Another way to say that: In these boats, optimized for Valencia, the typical crossover point—where you start to depower—is 11 knots of breeze. Alinghi is designed for the additional seabreeze that, statistically, we will see during the Cup match. New Zealand, in the mode we know, has been a light-air flyer. It’s reasonable to figure they will re-mode to meet Alinghi, but they can’t change the hull shape to do it. They had to build a boat to beat the challenger fleet in order to get to Alinghi. But if, for some reason, the breeze is light, will Alinghi be stuck in the water? So much to speculate about, so little to know until the ponies hit the track.

Going against NZL 92, Jordan says, “The Alinghi guys are going to know their boat. They’re going to sail well, and I think they’ll have a speed advantage. The unknowns—will they start as well as New Zealand? That’s the big one. The racecourse doesn’t lend itself to exploiting a technological advantage no matter how real it is. The legs are too short. If you’re on the wrong side, even if you’re fast, you’re not going to get your two lengths [to tack and clear] in the time allotted. Unless they get to five-mile legs; then you could see things develop.

“In the final four, our package was similar to Oracle’s. Prada was the slow boat in the group.”

Whither the Cup?

It’s hard to talk about the future of America’s Cup racing, as Jordan says, “Because there is no continuity.”

That lack of continuity has been a feature of America’s Cup competition since the oldest international trophy in sport was loosed from the grip of the New York Yacht Club in 1983. The Deed of Gift gives great power to the defender to decide the time and manner of the defense. The defender can do it this-a-way or the defender can do it that-a-way, now that every potential defender is careful to come to terms in advance with a like-minded challenger of record, and to have that challenger waiting and ready when the winner crosses the line with five firsts. Ernesto Bertarelli had that kind of understanding with Larry Ellison as Alinghi closed in on winning the Cup in ’03, and those two together organized the new-look racing we’ve seen here. It began with the Acts—some great racing on the road, and the points helped New Zealand win the round robin racing and the right to select a semifinal opponent.

Jordan is one of many people who want to build a circuit around the challenger series. “The Acts really helped the event,” he says. “I hope that whoever wins the Cup, they will carry on that mentality. I’d like to see a two-year cycle, and I don’t think you can do it anywhere else, other than Valencia, in two years.”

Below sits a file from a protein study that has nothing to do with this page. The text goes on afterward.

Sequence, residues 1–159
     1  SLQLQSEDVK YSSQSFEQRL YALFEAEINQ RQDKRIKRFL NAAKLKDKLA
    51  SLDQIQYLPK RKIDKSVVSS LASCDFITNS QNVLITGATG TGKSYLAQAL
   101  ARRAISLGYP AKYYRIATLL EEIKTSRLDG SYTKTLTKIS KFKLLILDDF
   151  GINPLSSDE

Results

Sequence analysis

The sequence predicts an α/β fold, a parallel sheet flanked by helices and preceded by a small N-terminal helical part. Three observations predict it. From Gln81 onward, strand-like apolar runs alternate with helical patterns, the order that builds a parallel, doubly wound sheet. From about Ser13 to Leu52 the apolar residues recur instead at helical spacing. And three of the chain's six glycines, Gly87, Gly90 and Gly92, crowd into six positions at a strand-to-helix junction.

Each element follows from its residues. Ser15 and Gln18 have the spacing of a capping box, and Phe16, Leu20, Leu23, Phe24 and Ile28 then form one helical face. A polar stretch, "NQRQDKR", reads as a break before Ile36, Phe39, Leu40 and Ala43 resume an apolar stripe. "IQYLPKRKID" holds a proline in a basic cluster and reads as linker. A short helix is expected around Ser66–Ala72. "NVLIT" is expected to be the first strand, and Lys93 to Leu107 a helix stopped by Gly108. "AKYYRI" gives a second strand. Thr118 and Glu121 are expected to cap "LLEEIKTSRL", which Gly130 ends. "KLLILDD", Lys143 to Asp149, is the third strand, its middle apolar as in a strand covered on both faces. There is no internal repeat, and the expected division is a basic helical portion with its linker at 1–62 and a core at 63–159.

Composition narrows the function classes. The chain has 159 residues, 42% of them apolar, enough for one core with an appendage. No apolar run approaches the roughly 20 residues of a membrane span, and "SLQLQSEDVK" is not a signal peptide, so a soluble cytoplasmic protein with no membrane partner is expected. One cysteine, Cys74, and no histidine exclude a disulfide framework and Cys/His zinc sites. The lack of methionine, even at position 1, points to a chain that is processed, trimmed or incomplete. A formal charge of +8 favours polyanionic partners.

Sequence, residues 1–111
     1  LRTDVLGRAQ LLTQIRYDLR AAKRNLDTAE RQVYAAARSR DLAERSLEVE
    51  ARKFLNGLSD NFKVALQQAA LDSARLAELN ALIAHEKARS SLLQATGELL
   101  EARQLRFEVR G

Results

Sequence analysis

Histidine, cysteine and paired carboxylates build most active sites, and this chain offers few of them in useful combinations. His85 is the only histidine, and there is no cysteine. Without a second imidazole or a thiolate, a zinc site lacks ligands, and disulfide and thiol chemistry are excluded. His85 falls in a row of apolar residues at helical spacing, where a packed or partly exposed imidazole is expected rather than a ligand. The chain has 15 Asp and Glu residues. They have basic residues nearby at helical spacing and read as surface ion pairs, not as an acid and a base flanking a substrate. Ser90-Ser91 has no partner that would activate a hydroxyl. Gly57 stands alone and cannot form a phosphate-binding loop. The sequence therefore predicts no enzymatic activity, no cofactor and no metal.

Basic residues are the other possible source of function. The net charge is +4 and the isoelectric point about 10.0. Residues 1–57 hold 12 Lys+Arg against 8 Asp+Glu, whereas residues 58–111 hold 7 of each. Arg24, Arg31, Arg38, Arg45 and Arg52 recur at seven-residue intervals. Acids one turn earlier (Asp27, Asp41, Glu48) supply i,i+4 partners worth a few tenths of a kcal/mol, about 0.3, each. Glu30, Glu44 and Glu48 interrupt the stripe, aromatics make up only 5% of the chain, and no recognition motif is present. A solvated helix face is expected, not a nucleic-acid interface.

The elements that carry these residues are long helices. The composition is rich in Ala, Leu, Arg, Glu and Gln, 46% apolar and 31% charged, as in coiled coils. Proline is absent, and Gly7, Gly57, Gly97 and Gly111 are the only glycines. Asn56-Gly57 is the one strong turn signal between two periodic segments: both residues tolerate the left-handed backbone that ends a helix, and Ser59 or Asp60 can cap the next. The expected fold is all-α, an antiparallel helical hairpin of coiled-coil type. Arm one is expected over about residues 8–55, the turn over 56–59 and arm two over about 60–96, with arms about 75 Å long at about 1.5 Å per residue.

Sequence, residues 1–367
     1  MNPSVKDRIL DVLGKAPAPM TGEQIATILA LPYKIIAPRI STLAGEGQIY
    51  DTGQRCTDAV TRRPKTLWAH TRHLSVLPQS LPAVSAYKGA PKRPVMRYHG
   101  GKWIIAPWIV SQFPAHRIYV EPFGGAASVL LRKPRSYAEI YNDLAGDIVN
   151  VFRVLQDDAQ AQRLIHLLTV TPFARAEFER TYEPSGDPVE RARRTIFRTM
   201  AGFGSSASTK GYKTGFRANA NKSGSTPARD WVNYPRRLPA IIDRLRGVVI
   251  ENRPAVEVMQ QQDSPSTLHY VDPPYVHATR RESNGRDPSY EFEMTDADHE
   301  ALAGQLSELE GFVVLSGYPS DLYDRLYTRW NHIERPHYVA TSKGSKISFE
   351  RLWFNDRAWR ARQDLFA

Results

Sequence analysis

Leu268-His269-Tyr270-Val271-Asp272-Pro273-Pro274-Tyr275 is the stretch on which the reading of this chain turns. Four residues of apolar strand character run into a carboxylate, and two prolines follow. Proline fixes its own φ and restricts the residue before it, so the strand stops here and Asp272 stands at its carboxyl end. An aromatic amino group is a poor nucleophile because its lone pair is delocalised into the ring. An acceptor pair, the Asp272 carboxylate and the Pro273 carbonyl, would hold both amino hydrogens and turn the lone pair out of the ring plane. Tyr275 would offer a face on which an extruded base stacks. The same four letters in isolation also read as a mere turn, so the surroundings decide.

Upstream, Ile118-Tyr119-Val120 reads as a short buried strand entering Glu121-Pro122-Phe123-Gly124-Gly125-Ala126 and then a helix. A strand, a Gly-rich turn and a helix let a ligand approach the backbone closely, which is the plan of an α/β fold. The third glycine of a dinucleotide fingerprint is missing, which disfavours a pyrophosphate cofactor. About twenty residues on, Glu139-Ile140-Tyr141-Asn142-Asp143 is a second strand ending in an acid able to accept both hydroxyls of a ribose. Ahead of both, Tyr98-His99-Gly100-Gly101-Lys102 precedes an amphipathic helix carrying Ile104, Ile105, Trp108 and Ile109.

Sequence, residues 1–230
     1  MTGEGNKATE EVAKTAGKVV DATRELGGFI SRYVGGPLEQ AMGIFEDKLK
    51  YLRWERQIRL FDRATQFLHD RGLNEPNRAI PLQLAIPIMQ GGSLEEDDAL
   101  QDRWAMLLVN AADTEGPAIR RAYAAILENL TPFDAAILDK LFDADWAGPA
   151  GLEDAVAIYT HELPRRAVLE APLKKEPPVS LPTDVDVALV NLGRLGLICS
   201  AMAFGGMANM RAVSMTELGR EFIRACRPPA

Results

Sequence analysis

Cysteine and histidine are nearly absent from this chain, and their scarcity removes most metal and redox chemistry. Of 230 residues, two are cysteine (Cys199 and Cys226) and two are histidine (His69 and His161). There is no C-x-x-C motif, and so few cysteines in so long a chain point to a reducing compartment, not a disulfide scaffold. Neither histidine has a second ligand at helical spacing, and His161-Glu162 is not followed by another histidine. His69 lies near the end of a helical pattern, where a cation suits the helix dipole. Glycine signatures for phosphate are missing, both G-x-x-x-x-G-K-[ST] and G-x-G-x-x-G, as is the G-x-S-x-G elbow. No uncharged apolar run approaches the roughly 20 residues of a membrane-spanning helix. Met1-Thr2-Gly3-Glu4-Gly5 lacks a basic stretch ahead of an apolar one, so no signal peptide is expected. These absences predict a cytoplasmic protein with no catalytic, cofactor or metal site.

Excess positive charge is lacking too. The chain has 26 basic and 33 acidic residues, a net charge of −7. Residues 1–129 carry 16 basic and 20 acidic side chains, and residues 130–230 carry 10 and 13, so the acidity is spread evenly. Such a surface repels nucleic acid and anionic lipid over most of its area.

Of course, not everyone agrees. Prada-Luna Rossa boss Patrizio Bertelli, for one, does not want to see Cup racing reduced (my word) to a two-year, predictable cycle, which risks losing the majesty (my word again, and yes, it’s a bit much, but something like that: intrigue, uniqueness, the sense of the ultimate quest; the sheer intractability of the thing). On the other hand, Bertelli thought enough of keeping the Cup in Europe to send his team out to spar with the defender, whose thinking runs closer to Jordan’s. And on the other-other hand, New Zealand also sparred with the defender, a while back, and took some heat for doing it. Then again, they also took money from Bertarelli to jump start a new Team New Zealand back in the dark days, and what goes around comes around.

Life feeds on life.

Oh, we could write a book.

But now there’s all this talk that if New Zealand takes the Cup, they’ll institute strict new nationality requirements. That could work for them. They’re a heavily-Kiwi crew with an American navigator, tactician, and strategist, this time around

But what would it mean for other teams? You wouldn’t be seeing another challenge from South Africa, that’s for pretty sure. Sweden would have some thinking to do, and the other European countries would have a lot to sort out. Desafio Espaol competed well, but with a mixed-nationality team. Jordan says, “In Spain we have top sailors in small boats, but not in the big boats, and there are no Spanish teams making the match- race rounds. Spain has two bowmen who have done everything in the world, but there’s not much all-around depth. Spain has a trimmer or two who can compete at the America’s Cup level, but there’s no helmsman.

“Italy’s lacking a match racer too . . .

“And the US could use one. Oracle might be in a different position now.”

Thanks, Hart. I guess that means, all eyes on Ed Baird, American from Florida, if in fact he gets the nod to drive Alinghi—KL